Welcome to the exciting
world of electronics. Before we can build
anything we need to look at a couple of things.
Anytime you have an electrical circuit, you have
voltage and current. We build circuits to
control voltage and current.

Current

Current is what flows
through a wire. Think of it as water flowing in
a river. The current flows from one point to
another point just like water in a river.
Current flows from points of high voltage to
points of low voltage. Current can be shown in
circuit diagrams by using arrows as in Figure 1.
The arrow shows which way the current is
flowing. An I is usually included beside the
arrow to indicate current.

Figure 1

The unit of measurement
for current is the Ampere, or Amp for short, and
abbreviated as A. (The name Ampere comes from
Mr. Ampere who played with electricity as a
small boy in Vermont.) Common currents are 0.001
Amps (0.001A) to 0.5 Amps (0.5A). Since currents
are usually small, they are usually given in the
form of milliAmps (abbreviated mA.) The milli
means divided by 1000, so 0.001 Amps equals 1
milliAmp (1 mA) since 1 / 1000 = 0.001. Also,
0.5 Amps equals 500 milliAmps (500mA) since 500
/ 1000 = 0.5.

Voltage

Voltage indicates the
power level of a point. Voltage is measured in
volts. If we continue the river comparison, a
point at the top of a hill would be at a high
voltage level and a point at the bottom of a
hill would be at a low voltage level. Then, just
as water flows from a high point to a low point,
current flows from a point of high voltage to a
point of low voltage. If one point is at 5 volts
and another point is at 0 volts then when a wire
is connected between them, current will flow
from the point at 5 volts to the point at 0
volts.

A measurement of
voltage is much like a measurement of height. It
gives you the difference in voltage between
those two points. If point A is at 10 volts and
point B is at 2 volts then the voltage measured
between A and B is 8 volts (10 -2). This is
similar to measuring height. We measure the
height of hills the same way. We say the sea
level is at zero feet and then compare other
points to that level. On top of Mary�s Peak you
are 4000 ft high (compared to sea level). In the
same way we call the lowest voltage in a circuit
zero volts and give it the name ground. Then all
other points in the circuit are compared to that
ground point. Rivers always flow towards sea
level and currents always flow towards ground.

A battery is similar to
a dam. On one side is a lot of stored up energy.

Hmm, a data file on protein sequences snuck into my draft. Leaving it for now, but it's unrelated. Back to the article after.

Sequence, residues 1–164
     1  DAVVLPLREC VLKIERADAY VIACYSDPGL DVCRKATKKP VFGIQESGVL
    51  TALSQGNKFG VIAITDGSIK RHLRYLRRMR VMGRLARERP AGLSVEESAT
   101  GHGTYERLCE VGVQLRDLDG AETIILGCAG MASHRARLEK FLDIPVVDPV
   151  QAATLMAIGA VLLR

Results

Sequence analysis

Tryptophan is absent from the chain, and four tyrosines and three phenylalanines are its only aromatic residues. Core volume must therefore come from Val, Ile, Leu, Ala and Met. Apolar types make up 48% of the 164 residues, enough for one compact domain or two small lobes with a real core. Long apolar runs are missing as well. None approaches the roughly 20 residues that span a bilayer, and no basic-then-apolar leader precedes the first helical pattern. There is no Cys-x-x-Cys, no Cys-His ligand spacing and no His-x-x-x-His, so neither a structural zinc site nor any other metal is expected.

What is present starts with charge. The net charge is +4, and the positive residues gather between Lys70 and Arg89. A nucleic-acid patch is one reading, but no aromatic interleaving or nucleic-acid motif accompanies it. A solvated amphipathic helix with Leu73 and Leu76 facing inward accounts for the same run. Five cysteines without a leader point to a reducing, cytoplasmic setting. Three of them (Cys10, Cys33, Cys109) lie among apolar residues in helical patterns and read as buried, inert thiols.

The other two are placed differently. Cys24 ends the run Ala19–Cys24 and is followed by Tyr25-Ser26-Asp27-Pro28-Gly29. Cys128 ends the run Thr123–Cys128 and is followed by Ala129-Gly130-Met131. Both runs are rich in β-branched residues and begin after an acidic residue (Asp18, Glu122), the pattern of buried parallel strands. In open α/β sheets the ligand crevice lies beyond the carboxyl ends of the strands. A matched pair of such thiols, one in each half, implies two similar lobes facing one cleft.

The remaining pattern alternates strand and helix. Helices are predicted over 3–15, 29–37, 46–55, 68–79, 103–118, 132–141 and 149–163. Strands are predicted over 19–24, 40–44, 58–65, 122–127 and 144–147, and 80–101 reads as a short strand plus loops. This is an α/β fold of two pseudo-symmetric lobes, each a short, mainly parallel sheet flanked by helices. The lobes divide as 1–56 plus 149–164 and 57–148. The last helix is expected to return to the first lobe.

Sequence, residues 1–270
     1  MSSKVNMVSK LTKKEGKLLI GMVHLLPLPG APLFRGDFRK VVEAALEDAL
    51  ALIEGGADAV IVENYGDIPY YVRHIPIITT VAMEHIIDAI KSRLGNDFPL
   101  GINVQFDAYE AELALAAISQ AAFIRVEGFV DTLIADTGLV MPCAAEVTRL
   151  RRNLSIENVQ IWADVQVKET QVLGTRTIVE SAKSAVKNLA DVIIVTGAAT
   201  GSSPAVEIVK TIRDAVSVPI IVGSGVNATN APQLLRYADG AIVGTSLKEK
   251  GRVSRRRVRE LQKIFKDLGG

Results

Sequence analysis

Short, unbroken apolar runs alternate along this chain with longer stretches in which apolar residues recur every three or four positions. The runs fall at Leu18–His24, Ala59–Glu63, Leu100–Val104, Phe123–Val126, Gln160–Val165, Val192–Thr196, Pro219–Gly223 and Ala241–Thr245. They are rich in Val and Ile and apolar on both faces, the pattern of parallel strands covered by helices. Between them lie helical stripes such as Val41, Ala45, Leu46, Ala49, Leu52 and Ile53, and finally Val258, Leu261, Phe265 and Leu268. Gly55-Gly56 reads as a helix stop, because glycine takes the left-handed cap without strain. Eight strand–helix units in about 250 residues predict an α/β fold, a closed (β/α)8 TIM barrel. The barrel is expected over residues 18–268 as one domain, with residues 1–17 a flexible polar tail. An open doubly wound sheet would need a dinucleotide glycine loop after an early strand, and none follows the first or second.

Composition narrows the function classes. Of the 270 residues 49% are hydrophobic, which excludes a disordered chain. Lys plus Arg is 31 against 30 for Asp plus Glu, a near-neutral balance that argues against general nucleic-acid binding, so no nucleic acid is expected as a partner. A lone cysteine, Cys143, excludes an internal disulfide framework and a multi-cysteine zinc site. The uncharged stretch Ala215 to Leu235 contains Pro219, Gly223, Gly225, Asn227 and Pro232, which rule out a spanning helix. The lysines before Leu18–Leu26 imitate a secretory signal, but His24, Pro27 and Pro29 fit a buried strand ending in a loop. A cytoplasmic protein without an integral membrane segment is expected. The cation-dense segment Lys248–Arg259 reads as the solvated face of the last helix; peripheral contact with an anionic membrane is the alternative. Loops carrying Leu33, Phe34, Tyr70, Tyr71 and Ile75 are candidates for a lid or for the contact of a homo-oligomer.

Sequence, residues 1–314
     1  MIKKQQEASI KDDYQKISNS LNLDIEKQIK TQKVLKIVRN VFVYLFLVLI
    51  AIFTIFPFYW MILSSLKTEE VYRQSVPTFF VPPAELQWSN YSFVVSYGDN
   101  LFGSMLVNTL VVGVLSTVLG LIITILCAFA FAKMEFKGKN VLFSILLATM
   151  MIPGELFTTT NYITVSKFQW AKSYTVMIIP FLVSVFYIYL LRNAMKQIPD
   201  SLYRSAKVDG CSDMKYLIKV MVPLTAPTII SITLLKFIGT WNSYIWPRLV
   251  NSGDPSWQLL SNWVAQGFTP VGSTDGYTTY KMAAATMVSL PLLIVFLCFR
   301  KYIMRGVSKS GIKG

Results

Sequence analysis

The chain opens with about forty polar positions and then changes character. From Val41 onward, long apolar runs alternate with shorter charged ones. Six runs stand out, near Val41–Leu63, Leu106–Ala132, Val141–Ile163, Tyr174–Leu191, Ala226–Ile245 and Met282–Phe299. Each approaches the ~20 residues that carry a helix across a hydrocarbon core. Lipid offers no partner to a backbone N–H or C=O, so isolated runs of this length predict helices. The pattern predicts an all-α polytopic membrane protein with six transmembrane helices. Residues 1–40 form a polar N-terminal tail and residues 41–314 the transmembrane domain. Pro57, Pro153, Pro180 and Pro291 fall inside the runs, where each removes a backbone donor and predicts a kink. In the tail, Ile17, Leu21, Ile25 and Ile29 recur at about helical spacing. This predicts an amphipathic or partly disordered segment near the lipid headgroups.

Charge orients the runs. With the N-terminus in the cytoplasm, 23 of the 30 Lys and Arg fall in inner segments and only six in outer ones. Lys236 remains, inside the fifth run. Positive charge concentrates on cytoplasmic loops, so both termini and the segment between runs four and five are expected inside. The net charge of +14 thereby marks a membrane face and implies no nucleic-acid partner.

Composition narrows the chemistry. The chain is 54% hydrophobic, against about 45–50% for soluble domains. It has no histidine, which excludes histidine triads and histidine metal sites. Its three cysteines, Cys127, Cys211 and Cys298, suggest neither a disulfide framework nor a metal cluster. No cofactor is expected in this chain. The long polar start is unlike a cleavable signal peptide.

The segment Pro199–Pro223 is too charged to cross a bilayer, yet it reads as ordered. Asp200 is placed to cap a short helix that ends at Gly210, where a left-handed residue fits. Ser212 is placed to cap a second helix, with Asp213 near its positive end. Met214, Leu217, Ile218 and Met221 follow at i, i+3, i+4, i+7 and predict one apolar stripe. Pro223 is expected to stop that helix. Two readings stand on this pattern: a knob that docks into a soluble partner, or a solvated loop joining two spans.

When a path is formed from that side to the
other side then current flows. If there is no
path then current does not flow and the energy
just stays there waiting for a path to form to
the other side. The path can be a big path with
lots of current flowing or a small path with
just a little bit of current flowing. With a
dam, a little bit of water flow could go on for
a long time, but flow through a big path that
lets all the water go at once would only last a
short while. A battery is the same. If there is
big path from the high voltage side to the low
voltage side then the battery will not last
long.

There are two special
cases that we give names. One is when the
current is zero (open circuit) and the other is
when the voltage is zero (short circuit).

Open Circuit

An open circuit is when
two points are not connected by anything. No
current flows and nothing happens. If a wire in
your vacuum cleaner breaks it can cause an open
circuit and no current can flow so it does not
do anything. There may be a voltage between
those two points but the current can not flow
with out a connection.

Short Circuit

A short circuit (or
short) is when two points with different voltage
levels are connected with no resistance (see
resistors) between two points. This can cause a
large amount of current to flow. If a short
circuit happens in your house, it will usually
cause a circuit breaker to break or a fuse to
blow. If there is no device to limit the
current, the wires may melt and cause a fire.
This situation is something like a dam breaking.
There is a large amount of energy suddenly free
to flow from a high point to a low point with
nothing to limit the current.

Series
Connection

A series connection is
when two components are joined together by a
common leg and nothing else is connected to that
point as shown in Figure 2.

Figure 2

Parallel
Connection

A parallel connection
is when two components are joined together by
both legs as shown in Figure 3.